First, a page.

The Catholic Church was shocked last month when an ornate golden artefact said to contain drops of Jesus’s blood was stolen shortly before an annual celebration in northern France.
For 1,000 years, pilgrims have headed to Fécamp abbey in Normandy to worship the “Precious Blood of Christ.”
Six weeks later, a Dutch art sleuth has described how the relics were handed over to him in an elaborate operation.
Arthur Brand says he will now give them to police to return them to the abbey.
“Seven to eight per cent of stolen art is returned and much of it is destroyed. In this case, I think the thief had no idea what it was,” he told the BBC.
The relics were stolen late at night on 1 June from the sacristy at Fécamp, north-east of the port of Le Havre. The thief is believed to have been locked in the building overnight and there was little security at the time.
The relics contained two lead vials which, according to legend, were thrown into the sea in a trunk and washed ashore at Fécamp. As well as the lead bulbs, a number of liturgical dishes and other objects were stolen.
Mr Brand, who is widely known for his work in tracking down stolen art and artefacts, described how he was contacted by email by someone who revealed the relics had been stored at the home of a friend of the thief.
When the friend realised what it was, he then passed it on to the person who emailed the Dutch art detective, who suggested that they leave it on his doorstep and ring the doorbell.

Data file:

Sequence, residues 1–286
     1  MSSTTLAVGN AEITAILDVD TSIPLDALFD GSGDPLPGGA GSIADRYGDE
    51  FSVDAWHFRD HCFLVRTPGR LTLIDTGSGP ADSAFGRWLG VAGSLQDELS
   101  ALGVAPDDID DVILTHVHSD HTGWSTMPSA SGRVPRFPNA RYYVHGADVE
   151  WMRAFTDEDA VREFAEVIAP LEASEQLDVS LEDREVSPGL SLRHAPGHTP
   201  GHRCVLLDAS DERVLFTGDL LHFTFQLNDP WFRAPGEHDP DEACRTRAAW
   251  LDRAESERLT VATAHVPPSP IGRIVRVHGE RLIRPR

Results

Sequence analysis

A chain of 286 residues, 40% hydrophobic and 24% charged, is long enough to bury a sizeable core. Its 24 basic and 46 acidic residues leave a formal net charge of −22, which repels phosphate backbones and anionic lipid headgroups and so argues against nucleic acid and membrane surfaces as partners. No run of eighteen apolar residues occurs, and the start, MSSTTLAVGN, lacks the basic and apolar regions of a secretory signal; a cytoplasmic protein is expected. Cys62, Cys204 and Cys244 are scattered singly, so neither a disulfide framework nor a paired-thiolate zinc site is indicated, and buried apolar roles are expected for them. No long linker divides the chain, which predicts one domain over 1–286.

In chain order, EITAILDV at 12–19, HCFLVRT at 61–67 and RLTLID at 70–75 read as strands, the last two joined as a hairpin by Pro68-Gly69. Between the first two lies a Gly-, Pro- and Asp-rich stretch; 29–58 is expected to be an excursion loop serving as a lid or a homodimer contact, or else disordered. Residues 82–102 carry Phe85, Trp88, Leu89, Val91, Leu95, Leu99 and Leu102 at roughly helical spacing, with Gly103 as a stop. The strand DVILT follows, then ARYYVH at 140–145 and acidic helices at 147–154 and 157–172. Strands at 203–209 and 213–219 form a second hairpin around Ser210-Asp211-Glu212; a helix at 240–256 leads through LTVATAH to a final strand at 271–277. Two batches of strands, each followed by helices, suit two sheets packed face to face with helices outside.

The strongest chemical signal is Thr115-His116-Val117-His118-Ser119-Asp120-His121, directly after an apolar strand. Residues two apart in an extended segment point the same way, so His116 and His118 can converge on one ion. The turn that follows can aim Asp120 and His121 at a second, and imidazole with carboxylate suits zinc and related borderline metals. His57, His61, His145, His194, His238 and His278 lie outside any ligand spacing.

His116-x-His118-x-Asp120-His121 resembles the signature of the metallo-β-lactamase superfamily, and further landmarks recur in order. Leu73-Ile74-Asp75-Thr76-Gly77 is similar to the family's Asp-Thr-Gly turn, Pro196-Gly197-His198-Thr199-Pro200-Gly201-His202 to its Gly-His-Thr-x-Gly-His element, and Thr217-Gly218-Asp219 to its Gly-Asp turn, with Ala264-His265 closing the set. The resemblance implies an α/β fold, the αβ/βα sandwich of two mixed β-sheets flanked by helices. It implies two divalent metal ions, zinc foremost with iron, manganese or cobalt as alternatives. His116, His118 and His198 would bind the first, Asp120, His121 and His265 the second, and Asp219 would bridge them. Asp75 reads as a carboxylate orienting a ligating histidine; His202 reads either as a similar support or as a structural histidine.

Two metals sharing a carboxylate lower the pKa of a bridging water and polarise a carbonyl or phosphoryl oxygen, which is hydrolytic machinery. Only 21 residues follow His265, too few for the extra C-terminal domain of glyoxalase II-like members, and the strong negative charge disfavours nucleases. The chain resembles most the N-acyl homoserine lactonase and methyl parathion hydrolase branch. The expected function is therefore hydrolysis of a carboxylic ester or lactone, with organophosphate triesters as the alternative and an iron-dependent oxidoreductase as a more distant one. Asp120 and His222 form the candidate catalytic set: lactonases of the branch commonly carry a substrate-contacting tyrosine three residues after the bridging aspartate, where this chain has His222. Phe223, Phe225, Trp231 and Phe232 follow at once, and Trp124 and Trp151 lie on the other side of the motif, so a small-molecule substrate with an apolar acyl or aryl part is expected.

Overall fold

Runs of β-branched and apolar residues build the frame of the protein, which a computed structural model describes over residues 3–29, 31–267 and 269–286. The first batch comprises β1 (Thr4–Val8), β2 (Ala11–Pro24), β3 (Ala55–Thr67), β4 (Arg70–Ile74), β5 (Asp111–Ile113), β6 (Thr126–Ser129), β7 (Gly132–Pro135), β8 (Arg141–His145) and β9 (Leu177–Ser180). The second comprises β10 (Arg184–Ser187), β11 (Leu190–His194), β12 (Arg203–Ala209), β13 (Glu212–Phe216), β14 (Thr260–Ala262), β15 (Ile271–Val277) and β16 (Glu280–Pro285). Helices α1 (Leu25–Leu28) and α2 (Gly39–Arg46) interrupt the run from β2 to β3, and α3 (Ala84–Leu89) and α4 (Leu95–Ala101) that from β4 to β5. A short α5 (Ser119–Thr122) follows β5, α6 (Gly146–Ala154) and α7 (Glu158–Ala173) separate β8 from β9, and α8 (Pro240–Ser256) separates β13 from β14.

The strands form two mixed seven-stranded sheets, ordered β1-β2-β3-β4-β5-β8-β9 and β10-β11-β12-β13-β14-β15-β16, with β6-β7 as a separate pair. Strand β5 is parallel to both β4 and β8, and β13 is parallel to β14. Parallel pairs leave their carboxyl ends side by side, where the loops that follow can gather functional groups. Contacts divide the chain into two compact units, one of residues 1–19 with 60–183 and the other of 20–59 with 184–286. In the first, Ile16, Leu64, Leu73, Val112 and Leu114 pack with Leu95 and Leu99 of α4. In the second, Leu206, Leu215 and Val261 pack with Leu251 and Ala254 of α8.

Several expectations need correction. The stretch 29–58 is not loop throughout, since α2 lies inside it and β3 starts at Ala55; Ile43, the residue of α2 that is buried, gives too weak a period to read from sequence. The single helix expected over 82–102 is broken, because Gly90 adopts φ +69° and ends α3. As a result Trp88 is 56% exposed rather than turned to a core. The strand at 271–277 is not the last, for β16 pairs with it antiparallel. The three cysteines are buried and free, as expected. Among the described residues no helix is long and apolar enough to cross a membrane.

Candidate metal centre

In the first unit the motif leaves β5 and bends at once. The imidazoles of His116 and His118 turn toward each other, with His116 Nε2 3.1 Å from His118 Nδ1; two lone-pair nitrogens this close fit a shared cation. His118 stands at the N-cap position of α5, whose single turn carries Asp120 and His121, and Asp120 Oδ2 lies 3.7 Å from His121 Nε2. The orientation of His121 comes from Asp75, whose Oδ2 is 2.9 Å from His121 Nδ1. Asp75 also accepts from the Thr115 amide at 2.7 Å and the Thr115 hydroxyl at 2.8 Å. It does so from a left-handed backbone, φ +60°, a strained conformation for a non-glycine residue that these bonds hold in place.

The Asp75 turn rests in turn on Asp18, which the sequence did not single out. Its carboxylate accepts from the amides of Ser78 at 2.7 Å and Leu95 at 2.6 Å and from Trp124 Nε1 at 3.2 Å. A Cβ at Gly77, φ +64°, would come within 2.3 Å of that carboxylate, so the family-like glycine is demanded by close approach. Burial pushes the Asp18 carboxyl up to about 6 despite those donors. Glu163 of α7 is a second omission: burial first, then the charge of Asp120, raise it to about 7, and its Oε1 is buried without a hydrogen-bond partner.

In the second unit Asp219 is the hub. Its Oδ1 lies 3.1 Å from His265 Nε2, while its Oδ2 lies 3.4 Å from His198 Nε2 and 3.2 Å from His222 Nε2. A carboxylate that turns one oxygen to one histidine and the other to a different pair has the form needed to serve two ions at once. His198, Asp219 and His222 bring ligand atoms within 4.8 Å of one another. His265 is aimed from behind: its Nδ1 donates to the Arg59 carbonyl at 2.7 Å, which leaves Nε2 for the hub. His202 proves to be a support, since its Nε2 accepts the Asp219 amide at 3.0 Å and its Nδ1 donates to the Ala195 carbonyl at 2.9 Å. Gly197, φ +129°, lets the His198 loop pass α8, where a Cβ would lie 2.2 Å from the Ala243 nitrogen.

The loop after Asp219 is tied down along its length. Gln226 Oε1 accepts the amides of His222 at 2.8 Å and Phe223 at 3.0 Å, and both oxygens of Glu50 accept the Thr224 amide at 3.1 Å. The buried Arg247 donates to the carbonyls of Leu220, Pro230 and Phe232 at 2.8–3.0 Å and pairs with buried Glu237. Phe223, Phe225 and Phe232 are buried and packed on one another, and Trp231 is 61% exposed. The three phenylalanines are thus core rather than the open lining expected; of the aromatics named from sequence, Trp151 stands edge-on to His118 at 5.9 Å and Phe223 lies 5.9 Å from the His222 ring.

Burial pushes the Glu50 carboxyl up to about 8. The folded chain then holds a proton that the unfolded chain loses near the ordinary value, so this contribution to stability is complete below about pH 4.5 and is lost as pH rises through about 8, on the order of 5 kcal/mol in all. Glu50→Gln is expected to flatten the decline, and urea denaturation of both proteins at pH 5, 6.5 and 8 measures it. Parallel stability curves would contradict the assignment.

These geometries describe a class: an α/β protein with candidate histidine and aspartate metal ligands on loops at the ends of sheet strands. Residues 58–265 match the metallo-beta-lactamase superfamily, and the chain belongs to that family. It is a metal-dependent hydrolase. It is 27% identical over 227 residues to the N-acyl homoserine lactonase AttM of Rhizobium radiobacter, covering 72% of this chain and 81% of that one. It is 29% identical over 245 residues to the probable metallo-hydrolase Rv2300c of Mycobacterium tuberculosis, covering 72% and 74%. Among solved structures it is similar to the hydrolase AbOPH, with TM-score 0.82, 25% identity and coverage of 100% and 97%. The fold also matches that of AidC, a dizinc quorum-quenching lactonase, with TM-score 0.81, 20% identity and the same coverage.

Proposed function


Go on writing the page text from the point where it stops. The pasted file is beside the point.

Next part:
Returning it direct to the abbey ran the risk of arrest, Mr Brand explained.
Le Havre Bishop Jean-Luc Brunin said at the time that it was an unbearable attack on people’s faith and part of a tradition that stretched back until the 12th Century.
The theft took place less than two weeks before an annual Mass celebrating the “Precious blood” relic that dates back to the Middle Ages.
“A couple of days later, at 10:30 in the evening, the doorbell rang. I looked from my balcony outside and in the dark I saw a box. I ran down the stairs, afraid that someone would take the box. Outside I looked around, but there was no-one there,” said Mr Brand.
As a Catholic himself, he said he could not believe the beauty of the relics, describing the moment he opened the box containing them as an “authentic, religious experience”.
He said he would hand the relics over to Dutch police on Tuesday and they would be responsible for returning them to the abbey at Fécamp.